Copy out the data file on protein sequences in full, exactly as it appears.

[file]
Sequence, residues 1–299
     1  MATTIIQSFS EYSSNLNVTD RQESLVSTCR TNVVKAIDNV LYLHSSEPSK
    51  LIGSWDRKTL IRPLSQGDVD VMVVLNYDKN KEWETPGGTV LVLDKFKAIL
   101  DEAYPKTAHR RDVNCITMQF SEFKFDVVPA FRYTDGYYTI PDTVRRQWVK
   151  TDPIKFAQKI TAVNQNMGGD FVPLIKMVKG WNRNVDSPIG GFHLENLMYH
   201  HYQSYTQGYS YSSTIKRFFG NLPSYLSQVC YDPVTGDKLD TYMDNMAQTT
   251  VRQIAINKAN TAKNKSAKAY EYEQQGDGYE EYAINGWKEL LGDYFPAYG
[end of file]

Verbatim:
Sequence, residues 1–299
     1  MATTIIQSFS EYSSNLNVTD RQESLVSTCR TNVVKAIDNV LYLHSSEPSK
    51  LIGSWDRKTL IRPLSQGDVD VMVVLNYDKN KEWETPGGTV LVLDKFKAIL
   101  DEAYPKTAHR RDVNCITMQF SEFKFDVVPA FRYTDGYYTI PDTVRRQWVK
   151  TDPIKFAQKI TAVNQNMGGD FVPLIKMVKG WNRNVDSPIG GFHLENLMYH
   201  HYQSYTQGYS YSSTIKRFFG NLPSYLSQVC YDPVTGDKLD TYMDNMAQTT
   251  VRQIAINKAN TAKNKSAKAY EYEQQGDGYE EYAINGWKEL LGDYFPAYG